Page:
Today, my friend Chang and I, went to the counseling department to try to register for the first class of the much talked about StarCraft class at UC Berkeley. Unfortunately, the class population had reached its cap so we weren't allowed to enter. Chang was very upset.
You see, David Chang is a big fan of StarCraft. He has played the game since he was in 8th grade casually, but for the past 2 or 3 years he's been working his way into the competitive scene. Chang is the kind of player who mains Zerg with a bit of Protoss on the side. He told me that he loves how the Zerg can overwhelm an opponent with large numbers of different kinds of units to keep them guessing. No other RTS game does it for him like StarCraft does, and I believe that's not an uncommon sentiment among many gamers.
I remember discussing StarCraft's difficulty with him and asking for his thoughts. Chang said that he wouldn't change a thing, especially the speed of the game. As a high level Guitar Hero player, he described his speed of StarCraft play as being much milder than say "Through The Fire And Flames," but then commented on how the pros can move at speeds that would make that song look like a walk in the park.
When the counselor saw the look on our disappointed faces, she suggested an alternative class that might still be of interest to RTS fans like ourselves. After clearing up the particulars about what kind of credit the class would give and other such things that are not important for this article, we signed up for the new course.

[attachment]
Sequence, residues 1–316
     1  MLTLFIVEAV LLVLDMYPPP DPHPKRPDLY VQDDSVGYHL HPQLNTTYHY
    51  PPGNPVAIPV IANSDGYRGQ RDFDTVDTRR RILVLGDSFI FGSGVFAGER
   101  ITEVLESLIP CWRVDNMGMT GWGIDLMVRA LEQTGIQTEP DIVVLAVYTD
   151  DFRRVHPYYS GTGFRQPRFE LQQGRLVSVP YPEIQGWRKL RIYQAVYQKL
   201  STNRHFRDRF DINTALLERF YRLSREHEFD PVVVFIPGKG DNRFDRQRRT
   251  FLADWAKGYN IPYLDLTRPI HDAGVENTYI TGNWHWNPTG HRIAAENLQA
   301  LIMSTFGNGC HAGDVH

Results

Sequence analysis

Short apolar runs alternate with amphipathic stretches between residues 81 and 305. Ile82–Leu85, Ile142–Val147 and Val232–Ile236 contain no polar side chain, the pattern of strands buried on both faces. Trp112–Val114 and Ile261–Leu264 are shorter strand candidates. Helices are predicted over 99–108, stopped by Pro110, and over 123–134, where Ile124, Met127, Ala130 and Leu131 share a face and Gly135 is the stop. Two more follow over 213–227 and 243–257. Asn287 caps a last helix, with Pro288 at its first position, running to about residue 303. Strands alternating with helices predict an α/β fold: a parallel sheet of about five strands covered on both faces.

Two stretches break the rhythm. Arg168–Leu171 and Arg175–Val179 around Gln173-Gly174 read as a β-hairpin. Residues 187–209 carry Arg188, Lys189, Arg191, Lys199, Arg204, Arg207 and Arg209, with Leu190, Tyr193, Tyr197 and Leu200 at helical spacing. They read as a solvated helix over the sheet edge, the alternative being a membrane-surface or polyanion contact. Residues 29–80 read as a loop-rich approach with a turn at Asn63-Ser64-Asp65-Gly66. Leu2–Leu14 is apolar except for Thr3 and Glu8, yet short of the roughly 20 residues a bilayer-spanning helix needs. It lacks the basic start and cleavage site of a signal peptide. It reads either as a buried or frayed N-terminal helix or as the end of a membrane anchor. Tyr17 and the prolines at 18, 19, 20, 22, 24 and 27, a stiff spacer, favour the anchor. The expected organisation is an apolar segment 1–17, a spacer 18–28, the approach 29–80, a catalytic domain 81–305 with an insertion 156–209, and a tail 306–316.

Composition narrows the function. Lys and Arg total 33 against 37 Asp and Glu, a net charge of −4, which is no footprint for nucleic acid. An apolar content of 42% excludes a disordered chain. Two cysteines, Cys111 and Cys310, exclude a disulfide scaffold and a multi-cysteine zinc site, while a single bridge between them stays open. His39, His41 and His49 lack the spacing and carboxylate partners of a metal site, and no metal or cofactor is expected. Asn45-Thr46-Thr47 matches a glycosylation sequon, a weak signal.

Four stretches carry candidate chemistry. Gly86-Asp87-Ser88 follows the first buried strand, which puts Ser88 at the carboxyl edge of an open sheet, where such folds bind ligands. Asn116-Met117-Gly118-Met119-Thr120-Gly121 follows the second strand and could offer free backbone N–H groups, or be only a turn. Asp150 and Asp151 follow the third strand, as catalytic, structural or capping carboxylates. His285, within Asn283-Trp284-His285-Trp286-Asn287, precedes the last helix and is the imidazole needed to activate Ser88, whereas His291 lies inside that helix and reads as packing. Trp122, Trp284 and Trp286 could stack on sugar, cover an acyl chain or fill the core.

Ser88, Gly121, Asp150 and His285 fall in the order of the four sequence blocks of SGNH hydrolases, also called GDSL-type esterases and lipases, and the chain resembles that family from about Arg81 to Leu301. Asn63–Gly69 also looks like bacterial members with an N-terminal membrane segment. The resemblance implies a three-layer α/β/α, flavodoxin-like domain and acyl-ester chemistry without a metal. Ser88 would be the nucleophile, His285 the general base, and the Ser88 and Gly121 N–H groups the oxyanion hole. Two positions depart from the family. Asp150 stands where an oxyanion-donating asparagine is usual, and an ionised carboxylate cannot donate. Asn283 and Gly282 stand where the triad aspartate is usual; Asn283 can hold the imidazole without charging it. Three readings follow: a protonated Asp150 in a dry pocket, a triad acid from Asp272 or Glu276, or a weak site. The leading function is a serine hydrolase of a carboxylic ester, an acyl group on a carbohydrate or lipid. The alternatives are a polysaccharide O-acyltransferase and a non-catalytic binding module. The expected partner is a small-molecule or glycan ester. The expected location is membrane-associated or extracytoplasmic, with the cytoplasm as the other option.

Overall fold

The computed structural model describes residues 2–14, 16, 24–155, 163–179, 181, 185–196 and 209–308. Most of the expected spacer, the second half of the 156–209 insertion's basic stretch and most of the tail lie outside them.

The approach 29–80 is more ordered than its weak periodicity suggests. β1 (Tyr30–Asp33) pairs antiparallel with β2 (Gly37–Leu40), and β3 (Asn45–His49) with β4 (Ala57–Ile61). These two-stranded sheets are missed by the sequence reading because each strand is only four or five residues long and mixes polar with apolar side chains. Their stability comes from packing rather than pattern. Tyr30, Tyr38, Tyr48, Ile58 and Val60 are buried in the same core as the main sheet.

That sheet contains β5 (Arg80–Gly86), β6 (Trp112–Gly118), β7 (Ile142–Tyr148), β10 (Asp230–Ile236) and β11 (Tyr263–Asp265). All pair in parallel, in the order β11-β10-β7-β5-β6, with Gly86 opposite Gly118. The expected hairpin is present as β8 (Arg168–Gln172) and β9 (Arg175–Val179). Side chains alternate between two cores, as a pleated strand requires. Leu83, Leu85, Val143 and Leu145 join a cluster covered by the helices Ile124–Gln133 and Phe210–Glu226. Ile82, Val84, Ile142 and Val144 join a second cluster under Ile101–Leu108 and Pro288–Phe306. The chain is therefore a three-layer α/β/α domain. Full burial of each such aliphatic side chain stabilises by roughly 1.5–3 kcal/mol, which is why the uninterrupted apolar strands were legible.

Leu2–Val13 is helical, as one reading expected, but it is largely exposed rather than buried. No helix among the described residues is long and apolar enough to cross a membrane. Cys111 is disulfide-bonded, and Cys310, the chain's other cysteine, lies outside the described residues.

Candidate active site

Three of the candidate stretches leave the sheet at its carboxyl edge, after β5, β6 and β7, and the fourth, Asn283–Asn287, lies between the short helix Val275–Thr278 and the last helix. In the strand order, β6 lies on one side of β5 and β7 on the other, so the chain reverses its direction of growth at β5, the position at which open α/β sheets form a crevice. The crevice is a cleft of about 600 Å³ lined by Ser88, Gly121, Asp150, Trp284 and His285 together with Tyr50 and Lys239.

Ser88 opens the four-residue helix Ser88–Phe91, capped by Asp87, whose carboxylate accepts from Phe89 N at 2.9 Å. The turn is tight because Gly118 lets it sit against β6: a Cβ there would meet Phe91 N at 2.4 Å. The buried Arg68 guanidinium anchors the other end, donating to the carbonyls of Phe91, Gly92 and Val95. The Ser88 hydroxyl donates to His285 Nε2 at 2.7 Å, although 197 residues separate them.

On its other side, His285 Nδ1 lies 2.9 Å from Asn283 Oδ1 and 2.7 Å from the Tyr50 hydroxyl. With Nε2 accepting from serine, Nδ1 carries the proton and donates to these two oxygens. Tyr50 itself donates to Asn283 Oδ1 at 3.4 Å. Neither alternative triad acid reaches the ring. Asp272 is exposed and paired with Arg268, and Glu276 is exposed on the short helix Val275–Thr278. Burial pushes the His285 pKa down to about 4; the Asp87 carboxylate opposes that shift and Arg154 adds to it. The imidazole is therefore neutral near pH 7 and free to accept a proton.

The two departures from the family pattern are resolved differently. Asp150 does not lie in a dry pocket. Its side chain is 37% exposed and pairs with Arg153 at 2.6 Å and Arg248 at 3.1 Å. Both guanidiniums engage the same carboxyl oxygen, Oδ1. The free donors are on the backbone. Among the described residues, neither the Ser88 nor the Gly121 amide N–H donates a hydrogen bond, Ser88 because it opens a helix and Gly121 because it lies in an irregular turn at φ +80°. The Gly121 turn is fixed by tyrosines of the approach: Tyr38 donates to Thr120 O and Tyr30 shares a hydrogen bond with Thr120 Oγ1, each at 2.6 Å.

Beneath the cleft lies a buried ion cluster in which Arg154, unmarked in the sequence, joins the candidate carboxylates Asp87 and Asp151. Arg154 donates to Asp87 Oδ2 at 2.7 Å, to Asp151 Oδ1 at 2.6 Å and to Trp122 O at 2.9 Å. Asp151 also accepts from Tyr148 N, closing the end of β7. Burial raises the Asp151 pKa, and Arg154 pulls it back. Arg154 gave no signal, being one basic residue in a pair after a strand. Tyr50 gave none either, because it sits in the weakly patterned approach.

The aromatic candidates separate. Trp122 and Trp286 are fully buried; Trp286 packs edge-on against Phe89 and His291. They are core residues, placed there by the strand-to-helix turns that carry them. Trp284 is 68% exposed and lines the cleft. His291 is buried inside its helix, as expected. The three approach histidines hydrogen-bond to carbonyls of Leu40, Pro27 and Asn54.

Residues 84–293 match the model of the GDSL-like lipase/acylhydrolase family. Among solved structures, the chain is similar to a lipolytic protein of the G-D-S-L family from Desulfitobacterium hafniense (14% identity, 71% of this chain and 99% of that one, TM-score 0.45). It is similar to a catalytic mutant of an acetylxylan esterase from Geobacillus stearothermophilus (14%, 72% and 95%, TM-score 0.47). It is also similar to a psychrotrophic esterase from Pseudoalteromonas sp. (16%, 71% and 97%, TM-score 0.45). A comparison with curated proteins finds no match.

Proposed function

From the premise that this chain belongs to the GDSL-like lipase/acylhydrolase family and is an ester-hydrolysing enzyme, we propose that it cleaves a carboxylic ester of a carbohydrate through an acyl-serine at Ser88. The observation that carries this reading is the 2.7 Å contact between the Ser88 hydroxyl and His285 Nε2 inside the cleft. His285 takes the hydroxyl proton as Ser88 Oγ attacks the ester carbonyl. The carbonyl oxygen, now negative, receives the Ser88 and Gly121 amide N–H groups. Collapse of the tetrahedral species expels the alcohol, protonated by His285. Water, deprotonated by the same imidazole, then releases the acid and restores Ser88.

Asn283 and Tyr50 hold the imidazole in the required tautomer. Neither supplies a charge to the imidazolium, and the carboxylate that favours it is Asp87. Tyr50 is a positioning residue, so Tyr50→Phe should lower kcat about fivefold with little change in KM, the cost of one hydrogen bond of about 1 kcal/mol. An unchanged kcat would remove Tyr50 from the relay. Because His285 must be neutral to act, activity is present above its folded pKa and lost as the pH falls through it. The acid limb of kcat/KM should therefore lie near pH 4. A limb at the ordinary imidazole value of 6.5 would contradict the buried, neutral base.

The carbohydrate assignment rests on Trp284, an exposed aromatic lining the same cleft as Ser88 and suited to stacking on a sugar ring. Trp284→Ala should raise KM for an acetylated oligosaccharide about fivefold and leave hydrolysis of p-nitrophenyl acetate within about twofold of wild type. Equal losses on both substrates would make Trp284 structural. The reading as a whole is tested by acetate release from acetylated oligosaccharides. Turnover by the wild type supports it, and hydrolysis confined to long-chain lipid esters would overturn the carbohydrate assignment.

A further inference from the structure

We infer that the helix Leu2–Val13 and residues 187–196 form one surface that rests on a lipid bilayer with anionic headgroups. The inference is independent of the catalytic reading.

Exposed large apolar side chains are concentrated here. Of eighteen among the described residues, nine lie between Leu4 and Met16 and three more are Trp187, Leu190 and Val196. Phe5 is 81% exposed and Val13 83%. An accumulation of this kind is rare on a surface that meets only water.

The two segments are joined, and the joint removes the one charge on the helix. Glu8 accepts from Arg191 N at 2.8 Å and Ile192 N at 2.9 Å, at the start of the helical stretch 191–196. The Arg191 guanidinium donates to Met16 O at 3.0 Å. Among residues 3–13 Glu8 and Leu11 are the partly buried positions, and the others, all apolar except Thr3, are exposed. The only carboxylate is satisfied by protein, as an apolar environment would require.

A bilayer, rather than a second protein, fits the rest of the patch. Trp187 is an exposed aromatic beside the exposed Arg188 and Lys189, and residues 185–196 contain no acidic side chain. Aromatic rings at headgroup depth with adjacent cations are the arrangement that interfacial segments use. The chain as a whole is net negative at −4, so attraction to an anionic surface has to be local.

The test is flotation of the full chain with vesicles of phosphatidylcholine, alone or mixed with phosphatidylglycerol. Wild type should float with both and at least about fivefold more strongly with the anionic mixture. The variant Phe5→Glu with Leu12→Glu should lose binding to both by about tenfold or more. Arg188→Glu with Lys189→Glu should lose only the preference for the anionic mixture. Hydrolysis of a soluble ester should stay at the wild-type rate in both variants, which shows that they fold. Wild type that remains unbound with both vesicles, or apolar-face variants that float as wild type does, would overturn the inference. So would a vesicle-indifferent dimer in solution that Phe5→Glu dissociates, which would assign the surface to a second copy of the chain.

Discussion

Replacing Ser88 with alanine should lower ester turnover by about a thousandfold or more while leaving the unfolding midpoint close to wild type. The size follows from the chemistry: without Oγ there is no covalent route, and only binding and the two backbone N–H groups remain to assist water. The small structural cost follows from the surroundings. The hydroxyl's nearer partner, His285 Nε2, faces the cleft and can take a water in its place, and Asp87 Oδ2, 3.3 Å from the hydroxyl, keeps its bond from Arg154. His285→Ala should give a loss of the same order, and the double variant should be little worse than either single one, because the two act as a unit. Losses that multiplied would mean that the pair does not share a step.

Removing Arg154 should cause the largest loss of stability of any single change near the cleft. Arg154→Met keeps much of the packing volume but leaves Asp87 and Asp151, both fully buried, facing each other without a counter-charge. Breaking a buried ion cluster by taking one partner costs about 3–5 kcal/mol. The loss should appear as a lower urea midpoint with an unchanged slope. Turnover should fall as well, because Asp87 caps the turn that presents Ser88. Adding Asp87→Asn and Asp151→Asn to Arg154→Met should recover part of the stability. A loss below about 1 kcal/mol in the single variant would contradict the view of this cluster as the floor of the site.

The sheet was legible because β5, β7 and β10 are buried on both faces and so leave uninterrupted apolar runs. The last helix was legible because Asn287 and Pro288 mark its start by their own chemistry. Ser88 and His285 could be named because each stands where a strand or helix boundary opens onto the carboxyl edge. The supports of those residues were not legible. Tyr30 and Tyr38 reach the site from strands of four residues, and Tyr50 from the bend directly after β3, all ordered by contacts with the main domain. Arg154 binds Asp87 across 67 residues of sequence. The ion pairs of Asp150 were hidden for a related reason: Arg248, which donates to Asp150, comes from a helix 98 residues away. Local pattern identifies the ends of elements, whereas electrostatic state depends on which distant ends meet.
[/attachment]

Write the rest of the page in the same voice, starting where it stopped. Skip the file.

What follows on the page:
Later that day, Chang and I made our way to classroom. But I guess I should be a little more clear here. This course that we signed up for wasn't held in a room of any kind. It was more like a grassy covered area on the side of one of our campas' central buildings. So, when I say classroom think gazebo.
The main lecturer was a strange fellow that goes by the name Professor K. (referred to as Pro.K). He was young, and he didn't look very much like a professor. He opened the class with this:
There are not more than five musical notes, yet the combinations of these five give rise to more melodies than can ever be heard.
There are not more than five primary colors, yet in combination they produce more hues than can ever been seen.
There are not more than five cardinal tastes, yet combinations of them yield more flavors than can ever be tasted.
In battle, there are not more than two methods of attack: the direct and the indirect; yet these two in combination give rise to an endless series of maneuvers. --Sun Tzu
That's when someone sitting across the room added this causing Chang to nod his head in agreement: